~Download E-pub ⚖ In the Middle: New Understandings about Writing, Reading, and Learning ☪ PDF or E-pub free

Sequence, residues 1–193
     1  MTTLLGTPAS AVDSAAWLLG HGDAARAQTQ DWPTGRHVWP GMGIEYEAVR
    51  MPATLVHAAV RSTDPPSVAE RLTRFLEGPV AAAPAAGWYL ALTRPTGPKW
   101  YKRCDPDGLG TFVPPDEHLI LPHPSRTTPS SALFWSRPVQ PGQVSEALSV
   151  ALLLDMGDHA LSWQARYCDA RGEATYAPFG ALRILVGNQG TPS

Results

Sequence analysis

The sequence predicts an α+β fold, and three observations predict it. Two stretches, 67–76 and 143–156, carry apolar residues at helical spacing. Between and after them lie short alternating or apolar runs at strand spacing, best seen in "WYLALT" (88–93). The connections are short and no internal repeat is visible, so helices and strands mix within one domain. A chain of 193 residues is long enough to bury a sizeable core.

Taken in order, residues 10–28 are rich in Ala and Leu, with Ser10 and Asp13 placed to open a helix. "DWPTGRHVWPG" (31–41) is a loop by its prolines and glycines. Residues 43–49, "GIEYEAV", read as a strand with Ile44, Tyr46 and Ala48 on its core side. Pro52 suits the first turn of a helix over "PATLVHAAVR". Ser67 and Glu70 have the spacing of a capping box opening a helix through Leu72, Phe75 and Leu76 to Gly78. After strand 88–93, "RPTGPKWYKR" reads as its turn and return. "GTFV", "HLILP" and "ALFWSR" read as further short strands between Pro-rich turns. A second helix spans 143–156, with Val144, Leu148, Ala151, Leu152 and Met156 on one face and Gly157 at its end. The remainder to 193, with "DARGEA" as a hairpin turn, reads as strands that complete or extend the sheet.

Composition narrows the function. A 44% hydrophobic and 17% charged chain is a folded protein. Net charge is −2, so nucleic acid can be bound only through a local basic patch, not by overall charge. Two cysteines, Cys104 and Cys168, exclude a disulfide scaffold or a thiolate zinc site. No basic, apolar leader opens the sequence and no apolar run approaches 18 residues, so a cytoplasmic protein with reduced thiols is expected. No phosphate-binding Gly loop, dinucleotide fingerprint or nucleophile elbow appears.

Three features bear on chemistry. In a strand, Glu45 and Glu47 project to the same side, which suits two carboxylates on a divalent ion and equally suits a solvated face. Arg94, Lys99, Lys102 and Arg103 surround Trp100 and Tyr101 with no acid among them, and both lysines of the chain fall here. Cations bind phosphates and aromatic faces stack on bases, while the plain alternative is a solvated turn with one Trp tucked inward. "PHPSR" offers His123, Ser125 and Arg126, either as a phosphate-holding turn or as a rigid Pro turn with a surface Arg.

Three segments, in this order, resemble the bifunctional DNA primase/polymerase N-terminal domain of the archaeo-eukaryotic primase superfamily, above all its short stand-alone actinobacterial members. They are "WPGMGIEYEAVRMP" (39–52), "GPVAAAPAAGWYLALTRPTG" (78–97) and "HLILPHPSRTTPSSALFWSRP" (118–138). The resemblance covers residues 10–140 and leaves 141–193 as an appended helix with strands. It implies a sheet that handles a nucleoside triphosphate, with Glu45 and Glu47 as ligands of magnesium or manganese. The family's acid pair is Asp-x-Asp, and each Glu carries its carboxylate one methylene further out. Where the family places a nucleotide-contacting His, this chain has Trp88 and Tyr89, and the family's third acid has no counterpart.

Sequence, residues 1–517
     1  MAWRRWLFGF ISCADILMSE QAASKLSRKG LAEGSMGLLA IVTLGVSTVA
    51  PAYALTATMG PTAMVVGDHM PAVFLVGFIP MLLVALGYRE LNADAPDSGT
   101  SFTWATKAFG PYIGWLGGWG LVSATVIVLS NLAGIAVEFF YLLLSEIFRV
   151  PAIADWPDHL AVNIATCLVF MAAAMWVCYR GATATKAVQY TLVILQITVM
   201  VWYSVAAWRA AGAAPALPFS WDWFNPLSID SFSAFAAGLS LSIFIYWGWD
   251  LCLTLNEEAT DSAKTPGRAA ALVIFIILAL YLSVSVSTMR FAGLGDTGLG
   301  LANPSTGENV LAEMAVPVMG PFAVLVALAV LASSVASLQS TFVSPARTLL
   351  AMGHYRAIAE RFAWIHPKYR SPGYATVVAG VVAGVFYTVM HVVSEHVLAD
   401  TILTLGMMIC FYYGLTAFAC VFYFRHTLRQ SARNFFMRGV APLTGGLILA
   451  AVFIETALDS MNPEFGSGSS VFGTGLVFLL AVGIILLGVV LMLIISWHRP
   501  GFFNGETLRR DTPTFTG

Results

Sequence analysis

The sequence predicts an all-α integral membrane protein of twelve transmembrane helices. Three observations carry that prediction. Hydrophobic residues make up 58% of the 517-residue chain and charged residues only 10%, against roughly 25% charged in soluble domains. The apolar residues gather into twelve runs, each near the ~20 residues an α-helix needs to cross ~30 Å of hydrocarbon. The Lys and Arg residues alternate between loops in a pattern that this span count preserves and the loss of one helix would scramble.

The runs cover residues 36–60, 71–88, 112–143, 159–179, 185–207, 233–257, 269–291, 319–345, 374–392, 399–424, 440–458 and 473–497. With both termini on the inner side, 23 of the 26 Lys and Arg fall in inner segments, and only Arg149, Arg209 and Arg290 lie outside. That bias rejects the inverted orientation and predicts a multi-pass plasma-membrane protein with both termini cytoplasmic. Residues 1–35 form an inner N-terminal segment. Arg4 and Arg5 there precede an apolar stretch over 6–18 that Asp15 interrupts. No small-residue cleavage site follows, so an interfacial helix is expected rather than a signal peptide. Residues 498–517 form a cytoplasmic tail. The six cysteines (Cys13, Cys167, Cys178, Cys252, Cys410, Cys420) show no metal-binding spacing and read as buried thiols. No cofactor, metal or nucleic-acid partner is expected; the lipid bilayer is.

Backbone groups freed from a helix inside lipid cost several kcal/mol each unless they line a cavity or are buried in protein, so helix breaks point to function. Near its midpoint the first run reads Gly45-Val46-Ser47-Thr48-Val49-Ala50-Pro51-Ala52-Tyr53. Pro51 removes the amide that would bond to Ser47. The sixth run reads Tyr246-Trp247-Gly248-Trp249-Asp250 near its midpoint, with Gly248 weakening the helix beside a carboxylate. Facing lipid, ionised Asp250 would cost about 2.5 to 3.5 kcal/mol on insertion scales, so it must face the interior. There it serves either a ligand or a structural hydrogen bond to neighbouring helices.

~Download E-pub ⚒ In the Middle: New Understandings about Writing, Reading, and Learning ♖ The best way to teach is to learn together with the students One of the rare breed of teachers who do know this is Nancie Atwell The New York Times Reading this book can be revolutionary Atwell leads us to new understandings of teaching and learning in a workshop classroom Voices from the Middle When first published in , this seminal work was widely hailed for its honest examination of how teachers teach, how students learn, and the gap that lies in between In depicting her own classroom struggles, Nancie Atwell shook our orthodox assumptions about skill and drill based curriculums and became a pioneer of responsive teaching Now, in the long awaited second edition, Atwell reflects on the next ten years of her experience, rethinks and clarifies old methods, and demonstrates new, effective approachesThe second edition still urges educators to come out from behind their own big desks to turn classrooms into workshops where students and teachers create curriculums together But it also advocates a activist role for teachers Atwell writes, I m no longer willing to withhold suggestions and directions from my kids when I can help them solve a problem, do something they ve never done before, produce stunning writing, and ultimately become independent of me More thanpercent of the material is new, with six brand new chapters on genres, evaluation, and the teacher as writer There are also lists of several hundred minilessons, and scripts and examples for teaching them new expectations and rules for writing and reading workshops ideas for teaching conventions new systems for record keeping lists of essential books for students and teachers and forms for keeping track of individual spelling, skills, proofreading, homework, writing, and readingThe second edition of In the Middle is written in the same engaging style as its predecessor It reads like a story one that readers will be pleased to learn has no end As Atwell muses, I know my students and I will continue to learn and be changed I am resigned happily to be always beginning for the rest of my life as a teacher I admit it I have a Pinterest board for school and have downloaded a few items from Teachers Pay Teachers They are mostly a mixed bag, however Here s a unit I developed Feel free to use it once you ve paid for it To be fair, many items are free and some call for hard thinking on the part of students What is problematic about even the very best of these ideas is that we rarely get to see the rationale behind them Why am I supposed to start this way and finish that way Sharing ideas like I admit it I have a Pinterest board for school and have downloaded a few items from Teachers Pay Teachers They are mostly a mixed bag, however Here s a unit I developed Feel free to use it once you ve paid for it To be fair, many items are free and some call for hard thinking on the part of students What is problematic about even the very best of these ideas is that we rarely get to see the rationale behind them Why am I supposed to start this way and finish that way Sharing ideas like this is hardly new.They are the equivalent of teacher idea books I used to buy at Beckers.One idea I gleaned long ago from such a book was to offer students choices of projects that appealed to one of Gardner s intelligences kinesthetic, spatial, interpersonal, etc The elephant above was submitted in response to the sundry items Boo Radley leaves in the knothole of a tree in To Kill a Mockingbird She s a sweet little thing, but looking back on it now, I m puzzled how I thought this would deepen anyone s connection to the themes of the book Not so with the latest edition of Nancie Atwell s In the Middle If you hadn t heard of Atwell before this year and her dozen or so books that she s written, surely you saw something of her when she recently won the inaugural Global Teacher Prize.When she published the first edition of ITM back in 1988, she used the proceeds to build a demonstration school where teachers from across the country can spend a week learning how to teach in a reading and writing workshop Reading her books make me feel like I ve won one of these coveted spots She explains what she teaches, why she does what she does, and tells you what she tells her kids Instead of being handed a script, you feel as if you re eavesdropping in on a conversation.You may think if you d read an earlier edition of the book, that you re already privy to Atwell s thinking You d be wrong It s not that she s changed her philosophy It s that it s evolved in the twenty seven years since the first edition was printed The second edition promised seventy percent new material when published in 1998 This one has an additional eighty percent It still contains gems from the early days When I see her conditions for a writing workshop, I greet them like old friends.But there is much that s built on these principles since then too.When I come across advice like asking students to research your writing and interview you, aproficient writer than they, it strikes me as pure gold Weekly letters in dialogue journals have grown into letter essays composed at book s end an aversion to fiction gives way to microfiction persuasive essays, barely warranting a mention in the first edition, have evolved into advocacy journalism in the third.It s also one of those rare books that will not only improve your teaching but will improve your writing as well For example, I d been struggling to revise a tritina I d written in class one day Here s a link to an explanation and a sample poem by Deborah Neyens if you re not familiar with the form Rereading advice Atwell had given to one of her young writers moved me to reconsider mine I ve also taken to heart her suggestion to write off of the page I m not surprised that this is so Pultizer Prize winner Donald Murray was one of her idols Mine too We ve all heard the observation that some people teach for twenty years while others teach the same year twenty times Atwell s living proof that our experiences in the classroom can profoundly affect our future teaching In fact, it s the surest way to achieve what she inscribed in my copy of In the Middle all those years ago.Reflective practice and refining our craft are essential to achieving this goal I promise noarts and crafts elephants that do little to grow learning if you ll do the same In the meanwhile, this edition of In the Middle is already on its way to being just as dog eared as the first The book had a lot of good information I can use on teaching English, but some parts wereuseful than others My review focuses on the information in the text related to teaching writing, event though there is a significant amount of information related to the reading workshop The least helpful part had to be the chapter on evaluation since Atwell s experience, publications, and charter school allow her to evaluate in any way she sees fit without having to answer to public school adminis The book had a lot of good information I can use on teaching English, but some parts wereuseful than others My review focuses on the information in the text related to teaching writing, event though there is a significant amount of information related to the reading workshop The least helpful part had to be the chapter on evaluation since Atwell s experience, publications, and charter school allow her to evaluate in any way she sees fit without having to answer to public school administration I think the most helpful aspect of the book was the information directly related to running writing workshops, including the mini lesson idea lists, sample scripts, and formative assessment techniques I recently read Donald Murray s Write to Learn and Shoptalk, which were both extremely helpful However, they were primarily about how to write whereas Atwell s is a good mixture of how to become a writer as well as how to use what you know about writing to teach it This book is the by far the best book I ve ever read Nancie Atwell discusess so many strategies teachers can use to be as effective as possible I plan to use many of them this year with my 6th grade langauge arts studentsI know they re going to be so excited about it I am fortunate enough to be starting a writing workshop with middle school students, so I thought it was time for a reread of one of my favorite books I last read this around 1990 This was a refreshing update and a wealth of valuable information. In the Middle presents a fabulous approach to teaching language It is one of those books that can refresh a stressed teacher, can fill her with ideals and ideas, and those books are very important in my world What I found, though, was that Atwell s approach in this book really cannot be applied to my students It can apply to me in that it presents a pedagogy I believe in and illustrates techniques that I would love to practice, but I cannot successfully practice these approaches with the stud In the Middle presents a fabulous approach to teaching language It is one of those books that can refresh a stressed teacher, can fill her with ideals and ideas, and those books are very important in my world What I found, though, was that Atwell s approach in this book really cannot be applied to my students It can apply to me in that it presents a pedagogy I believe in and illustrates techniques that I would love to practice, but I cannot successfully practice these approaches with the students I currently work with To me, it feels like Atwell s teaching style is culturally and or socioeconomically bound It occurs to me that perhaps my troubles with applying her method isabout my boundaries as a teacher than about my students boundaries turning criticism inward is instinctive for me but this time, I think it might not be my fault And as much as I wish I could teach like Atwell does, the truth is that doing so would do my particular students a disservice This situation reminds me of the problem we face with the bureaucracy of education today As Obama and Duncan look for a model school system that can be replicated all over the Country KIPP already being in the running every day teachers discover that lessons, units, and educational approaches, as effective and promising as they might be in one setting, cannot necessarily be recast in a different environment Schools struggle to revise and systematize, racing against test scores, while Obama and Duncan work harder to refine high stakes testing and increase the stakes than they do to help schools be who and what they need to be Schools cannot all be the same thing Being in Nancie Atwell s classroom or, even better, at a school modeled after her work, would be amazing for me, but it would be completely too unstructured for other kids Differences, great, gaping differences need to be allowed if we want to successfully and lovingly serve kids all over the Country But it s hard to reform each school for its students in its neighborhood It s thousands of times harder than finding one model So bureaucracy says there must be a system all schools can adopt and then personalize as needed This idea of progress is not helping kids learn It is not even helping them pass an ugly standardized test that now determines whether they can graduate from high school or not There s just so much wrong with this picture And I shouldn t have gone out drinking before writing this review So many great ideas Can feel a little overwhelming how to get started integrating them I m glad to have such an amazing example of a reading and writing workshop model, but still don t feel quite prepared for how to start. I don t think I will ever truly be done with this book, this referendum, consortium of knowledge experiences from viable collaborations between students and teacher The constant pattern to take away is the exposition of theme and written accompaniment to demonstrate the succinctness of intent and idea gleaned from her tasks and assignments to the ongoing growth of her writers becoming authors All of the excerpts and full length pieces are worth their fair share of the read as they demonstrat I don t think I will ever truly be done with this book, this referendum, consortium of knowledge experiences from viable collaborations between students and teacher The constant pattern to take away is the exposition of theme and written accompaniment to demonstrate the succinctness of intent and idea gleaned from her tasks and assignments to the ongoing growth of her writers becoming authors All of the excerpts and full length pieces are worth their fair share of the read as they demonstrate the how of where students approach writing Their writings give insight into their learnability and points of variance through which teachers can gain footholds of understanding the what and the why to teach next The independent amoeba is the writing as it leads them to new experiences, and, coupled with Atwell s concept of ownership , is the vehicle in which and through which media is ingested, found important and made sense of or not Yet it is only her own experiences with the classroom its truth and boldness can seem to valiantly stand out amidst imposed prompts and ideas of curriculum negotiated through national and state means But this juxtaposition via a jaded contextual reader response is not the intention rather, it is merely an account of successful and reciprocal listening, speaking, reading, and writing, when those happen in collaboration and community, and when the lens of perception aims towards one that is individually realistic and uplifintg towards the acts of reading and writing.The best thing about this book is that it demonstrates all of this with about as minimal a fuss as possible over the superfluous jargon and terminology surrounding educational research Nancy Atwell, her students and her classroom are the ultimate grader through which such ideas can truly be seen for what they are and applied, messed up, reversed, torn inside out, made into a patch, or thrown into the recycling bin Nancie Atwell s prose puts me in a state of pure bliss that can only be equated to the magical migration one experiences while playing The Oregon Trail on a green screen Apple II. There are close to 75 books on my college bookshelf I bought almost all of them This is one that I wish I had bought because I think it would be faruseful to me now than all those paperback novels and plays I had to read this as part of my student teaching program Although some of the ideas were excellent, I didn t see it as being practical then Now, even though I think that Atwell s school is idealistic and doesn t even mention many of the daily problems I face, I subscribe to her There are close to 75 books on my college bookshelf I bought almost all of them This is one that I wish I had bought because I think it would be faruseful to me now than all those paperback novels and plays I had to read this as part of my student teaching program Although some of the ideas were excellent, I didn t see it as being practical then Now, even though I think that Atwell s school is idealistic and doesn t even mention many of the daily problems I face, I subscribe to her overall approach Over the last four years, I gradually followed a similar path to what she outlines in her first chapter I moved from total control, tochoice, to muchchoice with me as guide responsible for sharing as much as I can about writing This is my first year doing this approach, so I m not all the way there, but revisiting this text has really been an eye opener What I thought was so impossible before is now reassuring for what I am trying to accomplish I wish I had time to rereadof this book, but I only could manage the first chapter so that I could use it for my lit review for my teacher research paper